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Age-associated B cells are heterogeneous and dynamic drivers of autoimmunity in mice

Nickerson, KM;Smita, S;Hoehn, KB;Marinov, AD;Thomas, KB;Kos, JT;Yang, Y;Bastacky, SI;Watson, CT;Kleinstein, SH;Shlomchik, MJ;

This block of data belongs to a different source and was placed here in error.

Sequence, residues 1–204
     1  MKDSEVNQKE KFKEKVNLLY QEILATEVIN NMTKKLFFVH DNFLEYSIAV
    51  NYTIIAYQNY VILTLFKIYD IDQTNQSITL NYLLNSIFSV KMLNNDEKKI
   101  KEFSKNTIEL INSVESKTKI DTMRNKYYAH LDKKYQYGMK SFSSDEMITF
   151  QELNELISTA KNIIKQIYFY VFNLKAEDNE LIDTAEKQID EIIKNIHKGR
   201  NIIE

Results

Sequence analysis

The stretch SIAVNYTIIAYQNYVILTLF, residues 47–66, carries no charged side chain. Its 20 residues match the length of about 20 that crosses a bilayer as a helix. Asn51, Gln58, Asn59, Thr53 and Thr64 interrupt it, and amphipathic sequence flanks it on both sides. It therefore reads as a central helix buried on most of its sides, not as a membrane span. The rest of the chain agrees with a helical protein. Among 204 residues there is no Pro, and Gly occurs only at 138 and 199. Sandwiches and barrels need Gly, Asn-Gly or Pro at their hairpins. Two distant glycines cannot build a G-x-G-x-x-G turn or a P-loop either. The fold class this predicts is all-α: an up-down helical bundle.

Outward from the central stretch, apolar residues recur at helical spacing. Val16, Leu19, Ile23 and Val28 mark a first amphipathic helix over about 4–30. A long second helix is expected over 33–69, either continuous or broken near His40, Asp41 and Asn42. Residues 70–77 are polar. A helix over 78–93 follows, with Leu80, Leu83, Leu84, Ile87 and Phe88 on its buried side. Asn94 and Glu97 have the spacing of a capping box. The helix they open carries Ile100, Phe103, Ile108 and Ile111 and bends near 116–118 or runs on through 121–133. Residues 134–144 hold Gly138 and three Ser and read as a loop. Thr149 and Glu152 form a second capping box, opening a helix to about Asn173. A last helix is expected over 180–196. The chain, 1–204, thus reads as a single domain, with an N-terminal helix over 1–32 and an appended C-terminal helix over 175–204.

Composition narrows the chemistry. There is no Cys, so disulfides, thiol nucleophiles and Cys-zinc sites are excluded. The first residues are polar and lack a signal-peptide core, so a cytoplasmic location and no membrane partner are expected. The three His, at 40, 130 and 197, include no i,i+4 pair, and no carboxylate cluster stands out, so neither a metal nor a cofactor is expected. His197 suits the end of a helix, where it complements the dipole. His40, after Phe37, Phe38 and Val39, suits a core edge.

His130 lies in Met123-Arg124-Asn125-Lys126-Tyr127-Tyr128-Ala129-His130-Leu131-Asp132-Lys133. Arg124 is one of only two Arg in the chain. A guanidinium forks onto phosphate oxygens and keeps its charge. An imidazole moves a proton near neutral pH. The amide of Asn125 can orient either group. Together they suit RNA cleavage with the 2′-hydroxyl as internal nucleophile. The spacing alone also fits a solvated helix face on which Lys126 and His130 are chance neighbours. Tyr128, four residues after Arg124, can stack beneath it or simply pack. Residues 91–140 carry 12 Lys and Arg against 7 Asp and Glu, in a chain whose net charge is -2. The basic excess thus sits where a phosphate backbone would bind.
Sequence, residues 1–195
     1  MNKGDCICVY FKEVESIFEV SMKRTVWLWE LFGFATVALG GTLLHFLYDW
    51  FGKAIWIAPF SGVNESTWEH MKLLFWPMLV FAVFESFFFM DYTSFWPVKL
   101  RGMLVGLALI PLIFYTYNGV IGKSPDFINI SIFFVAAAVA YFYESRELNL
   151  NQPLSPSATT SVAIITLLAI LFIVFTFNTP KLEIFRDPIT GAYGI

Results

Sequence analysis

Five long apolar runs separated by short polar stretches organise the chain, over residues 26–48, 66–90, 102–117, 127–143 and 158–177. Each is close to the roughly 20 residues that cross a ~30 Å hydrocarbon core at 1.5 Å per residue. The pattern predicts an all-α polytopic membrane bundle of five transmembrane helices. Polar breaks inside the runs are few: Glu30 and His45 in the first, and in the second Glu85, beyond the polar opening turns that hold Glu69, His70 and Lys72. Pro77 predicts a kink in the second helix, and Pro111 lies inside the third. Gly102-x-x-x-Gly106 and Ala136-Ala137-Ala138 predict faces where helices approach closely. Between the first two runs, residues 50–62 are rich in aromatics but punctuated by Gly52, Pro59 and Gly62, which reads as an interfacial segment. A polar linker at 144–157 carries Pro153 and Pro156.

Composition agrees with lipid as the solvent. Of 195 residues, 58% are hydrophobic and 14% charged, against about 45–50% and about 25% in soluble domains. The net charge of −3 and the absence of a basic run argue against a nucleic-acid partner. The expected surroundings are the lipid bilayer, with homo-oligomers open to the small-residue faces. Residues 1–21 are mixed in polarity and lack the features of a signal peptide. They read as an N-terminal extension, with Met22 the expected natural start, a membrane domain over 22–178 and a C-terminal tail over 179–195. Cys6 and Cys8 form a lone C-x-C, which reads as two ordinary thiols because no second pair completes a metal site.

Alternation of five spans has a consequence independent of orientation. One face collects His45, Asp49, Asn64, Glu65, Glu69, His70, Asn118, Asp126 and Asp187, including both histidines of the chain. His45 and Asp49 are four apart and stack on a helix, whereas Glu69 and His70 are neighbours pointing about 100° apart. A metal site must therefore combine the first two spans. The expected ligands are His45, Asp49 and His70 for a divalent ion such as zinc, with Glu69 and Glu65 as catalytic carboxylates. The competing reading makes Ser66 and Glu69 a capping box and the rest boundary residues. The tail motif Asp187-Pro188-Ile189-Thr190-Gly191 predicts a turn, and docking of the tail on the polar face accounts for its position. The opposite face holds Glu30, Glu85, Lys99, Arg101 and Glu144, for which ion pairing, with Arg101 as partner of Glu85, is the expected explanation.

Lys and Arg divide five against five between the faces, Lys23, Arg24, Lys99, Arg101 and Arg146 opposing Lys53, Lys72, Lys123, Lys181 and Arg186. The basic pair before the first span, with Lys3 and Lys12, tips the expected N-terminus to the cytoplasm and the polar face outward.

Age-associated B cells (ABCs) are formed under inflammatory conditions and are considered a type of memory B cell (MBC) expressing the transcription factor T-bet. In SLE, ABC frequency is correlated with disease, and they are thought to be the source of autoantibody-secreting cells. However, in inflammatory conditions, whether autoreactive B cells can become resting MBCs is uncertain. Further, the phenotypic identity of ABCs and their relationship to other B cell subsets, such as plasmablasts, is unclear. Whether ABCs directly promote disease is untested. Here we report, in the MRL/lpr SLE model, unexpected heterogeneity among ABC-like cells for expression of the integrins CD11b and CD11c, T-bet, and memory or plasmablast markers. Transfer and labeling studies demonstrated that ABCs are dynamic, rapidly turning over. scRNA-seq identified B cell clones present in multiple subsets, revealing that ABCs can be plasmablast precursors or undergo cycles of reactivation. Deletion of CD11c-expressing B cells revealed a direct role for ABC-like B cells in lupus pathogenesis.